3. At home
Now back at home, you are ready to pack for your trip but still need to get some work done before heading out to the airport. Your organization’s access management system recognizes your device. The system will still prompt you to use a second factor of authentication, such as a Push message on your mobile phone – but it knows that it does not report anomalies since the time, IP and internet connection seems to be the same as your regular work from home routine.
4. On your mobile phone
You’re stepping out to run a few errands before you fly out of Ottawa (Canada) and need to join a conference call in Dublin (Ireland). You don’t want to take your laptop with you and want to connect from your mobile phone. You can use a push notification to join the conversation through your corporate calendar application and email. Again, an effective access management system has asked for an extra factor of authentication. However, ensuring optimal convenience, Smart Single Sign On (SSO) won’t ask you to remember separate passwords for each application you need to access.
5. At the airport
Before you board the plane, go onto airplane mode and can’t use Wi-fi, you might want to connect again. Once more, your organization’s access management recognizes that you are not in the office. However, if someone tries to steal your laptop and login to your system from another internet connection, they’ll need your smart card and your password to pretend to be you – these additional factors minimize the risk of identity theft. An access management solution such as SafeNet Trusted Access will report on failed access attempts and raise awareness regarding attempted data breaches or unnecessary lockout for authorized users.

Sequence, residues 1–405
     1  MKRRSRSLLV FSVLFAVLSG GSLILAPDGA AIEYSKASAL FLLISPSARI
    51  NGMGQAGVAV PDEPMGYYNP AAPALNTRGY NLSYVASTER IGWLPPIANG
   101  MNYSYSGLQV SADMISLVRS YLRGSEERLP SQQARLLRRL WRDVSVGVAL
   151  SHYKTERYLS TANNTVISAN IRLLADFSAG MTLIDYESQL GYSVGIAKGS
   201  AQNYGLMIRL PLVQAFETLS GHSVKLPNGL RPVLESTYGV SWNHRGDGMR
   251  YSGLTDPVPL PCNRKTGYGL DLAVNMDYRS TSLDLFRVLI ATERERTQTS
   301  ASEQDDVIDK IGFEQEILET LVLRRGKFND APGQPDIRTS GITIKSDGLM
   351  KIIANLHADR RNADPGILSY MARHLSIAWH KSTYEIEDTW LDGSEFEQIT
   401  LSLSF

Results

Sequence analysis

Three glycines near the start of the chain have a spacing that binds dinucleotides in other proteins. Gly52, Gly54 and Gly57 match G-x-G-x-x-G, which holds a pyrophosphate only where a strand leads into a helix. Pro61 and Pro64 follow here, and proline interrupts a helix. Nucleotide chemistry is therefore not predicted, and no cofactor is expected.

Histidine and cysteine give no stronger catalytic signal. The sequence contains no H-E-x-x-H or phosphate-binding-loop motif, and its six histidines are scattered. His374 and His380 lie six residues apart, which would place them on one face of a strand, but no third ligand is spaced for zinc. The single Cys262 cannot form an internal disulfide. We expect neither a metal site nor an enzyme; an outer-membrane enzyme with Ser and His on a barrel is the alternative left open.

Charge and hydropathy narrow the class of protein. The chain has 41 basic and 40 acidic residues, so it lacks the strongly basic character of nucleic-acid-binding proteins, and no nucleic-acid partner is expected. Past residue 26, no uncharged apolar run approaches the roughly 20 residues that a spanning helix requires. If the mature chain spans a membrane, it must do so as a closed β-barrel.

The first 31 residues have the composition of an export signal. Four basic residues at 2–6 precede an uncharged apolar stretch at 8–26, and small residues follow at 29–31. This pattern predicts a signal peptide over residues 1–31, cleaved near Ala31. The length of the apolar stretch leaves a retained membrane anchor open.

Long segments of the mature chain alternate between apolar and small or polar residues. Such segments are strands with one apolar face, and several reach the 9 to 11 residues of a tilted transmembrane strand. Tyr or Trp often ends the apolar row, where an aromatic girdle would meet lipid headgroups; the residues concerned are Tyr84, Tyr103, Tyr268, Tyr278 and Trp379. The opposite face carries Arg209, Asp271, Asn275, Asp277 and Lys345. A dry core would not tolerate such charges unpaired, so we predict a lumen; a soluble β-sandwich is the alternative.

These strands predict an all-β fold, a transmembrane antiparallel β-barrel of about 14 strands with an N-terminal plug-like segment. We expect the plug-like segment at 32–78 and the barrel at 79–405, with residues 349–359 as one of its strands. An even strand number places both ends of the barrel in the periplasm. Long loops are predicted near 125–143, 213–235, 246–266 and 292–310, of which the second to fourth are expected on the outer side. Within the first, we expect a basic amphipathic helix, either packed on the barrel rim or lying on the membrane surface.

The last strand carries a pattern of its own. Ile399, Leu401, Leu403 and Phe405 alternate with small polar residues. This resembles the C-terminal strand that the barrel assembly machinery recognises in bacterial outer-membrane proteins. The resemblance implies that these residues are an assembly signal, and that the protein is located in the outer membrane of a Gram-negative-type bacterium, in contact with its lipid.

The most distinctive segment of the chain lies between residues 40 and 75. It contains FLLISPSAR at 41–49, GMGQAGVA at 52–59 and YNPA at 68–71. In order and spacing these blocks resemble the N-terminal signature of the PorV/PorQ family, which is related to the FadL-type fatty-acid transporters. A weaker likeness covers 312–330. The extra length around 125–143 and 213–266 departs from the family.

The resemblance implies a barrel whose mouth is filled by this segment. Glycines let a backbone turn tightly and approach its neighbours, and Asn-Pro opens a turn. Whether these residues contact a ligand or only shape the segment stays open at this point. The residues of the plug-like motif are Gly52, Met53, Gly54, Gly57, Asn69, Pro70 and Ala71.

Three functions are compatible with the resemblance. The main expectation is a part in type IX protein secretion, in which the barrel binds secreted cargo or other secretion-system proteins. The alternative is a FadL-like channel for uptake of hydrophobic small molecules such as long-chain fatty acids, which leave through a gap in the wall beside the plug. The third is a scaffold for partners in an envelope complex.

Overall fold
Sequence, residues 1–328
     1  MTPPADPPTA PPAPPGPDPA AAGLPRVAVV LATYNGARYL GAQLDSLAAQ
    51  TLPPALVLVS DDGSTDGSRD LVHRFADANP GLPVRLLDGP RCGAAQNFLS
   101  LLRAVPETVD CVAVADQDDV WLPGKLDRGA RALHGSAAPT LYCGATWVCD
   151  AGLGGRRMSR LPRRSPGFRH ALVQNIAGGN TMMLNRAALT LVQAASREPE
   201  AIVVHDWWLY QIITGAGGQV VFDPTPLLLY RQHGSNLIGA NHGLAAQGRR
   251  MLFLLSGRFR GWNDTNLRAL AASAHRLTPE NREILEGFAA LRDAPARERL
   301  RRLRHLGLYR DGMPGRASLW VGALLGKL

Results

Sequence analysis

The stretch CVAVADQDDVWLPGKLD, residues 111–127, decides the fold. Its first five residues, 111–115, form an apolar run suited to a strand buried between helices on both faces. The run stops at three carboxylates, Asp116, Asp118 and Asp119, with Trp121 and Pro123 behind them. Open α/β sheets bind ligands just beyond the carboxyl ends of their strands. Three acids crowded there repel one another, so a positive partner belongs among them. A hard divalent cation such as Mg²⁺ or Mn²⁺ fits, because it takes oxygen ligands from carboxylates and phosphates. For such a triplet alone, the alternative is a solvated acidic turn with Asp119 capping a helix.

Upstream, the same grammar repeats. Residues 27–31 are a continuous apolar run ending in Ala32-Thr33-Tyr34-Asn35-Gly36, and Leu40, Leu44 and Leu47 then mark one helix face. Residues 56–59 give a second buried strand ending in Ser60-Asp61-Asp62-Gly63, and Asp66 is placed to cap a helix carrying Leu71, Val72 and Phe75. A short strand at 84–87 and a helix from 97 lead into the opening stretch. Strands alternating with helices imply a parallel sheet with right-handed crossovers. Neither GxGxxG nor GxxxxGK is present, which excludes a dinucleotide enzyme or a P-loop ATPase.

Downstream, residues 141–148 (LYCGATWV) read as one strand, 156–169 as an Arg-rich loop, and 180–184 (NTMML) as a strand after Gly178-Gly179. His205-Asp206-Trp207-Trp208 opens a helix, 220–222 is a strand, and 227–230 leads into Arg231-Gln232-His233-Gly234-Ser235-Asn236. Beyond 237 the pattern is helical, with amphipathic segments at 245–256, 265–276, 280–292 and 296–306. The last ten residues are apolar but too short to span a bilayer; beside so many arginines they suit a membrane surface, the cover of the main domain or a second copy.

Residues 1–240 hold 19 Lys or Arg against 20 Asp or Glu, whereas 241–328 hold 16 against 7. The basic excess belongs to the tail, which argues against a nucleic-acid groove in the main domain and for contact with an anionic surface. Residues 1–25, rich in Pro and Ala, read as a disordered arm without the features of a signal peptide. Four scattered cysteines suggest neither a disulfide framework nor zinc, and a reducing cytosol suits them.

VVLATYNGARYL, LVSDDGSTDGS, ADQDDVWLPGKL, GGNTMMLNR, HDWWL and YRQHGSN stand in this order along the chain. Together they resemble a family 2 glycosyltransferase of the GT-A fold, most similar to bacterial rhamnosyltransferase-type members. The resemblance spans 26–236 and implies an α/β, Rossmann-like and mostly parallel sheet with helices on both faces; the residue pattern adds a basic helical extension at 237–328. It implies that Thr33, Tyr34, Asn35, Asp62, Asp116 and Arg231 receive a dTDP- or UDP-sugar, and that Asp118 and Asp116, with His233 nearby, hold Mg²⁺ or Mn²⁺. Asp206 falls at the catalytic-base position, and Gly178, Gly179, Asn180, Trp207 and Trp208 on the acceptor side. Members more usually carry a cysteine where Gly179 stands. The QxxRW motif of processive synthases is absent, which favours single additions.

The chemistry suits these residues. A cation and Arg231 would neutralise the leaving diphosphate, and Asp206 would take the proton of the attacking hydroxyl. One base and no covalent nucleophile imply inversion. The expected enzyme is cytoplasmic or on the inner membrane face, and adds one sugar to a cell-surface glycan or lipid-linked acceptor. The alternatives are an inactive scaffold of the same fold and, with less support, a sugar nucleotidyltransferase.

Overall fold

6. Off the plane
Finally, you have landed and on your way to your meeting with a business associate. You want to edit a presentation that one of your colleague’s has uploaded onto Confluence or another cloud-based app containing sensitive or confidential information. Your cloud access management service has defined that you need to authenticate using a password and token based authentication each time you login to certain sensitive applications. In this way, your enterprise can track which applications are being accessed, at what location and when.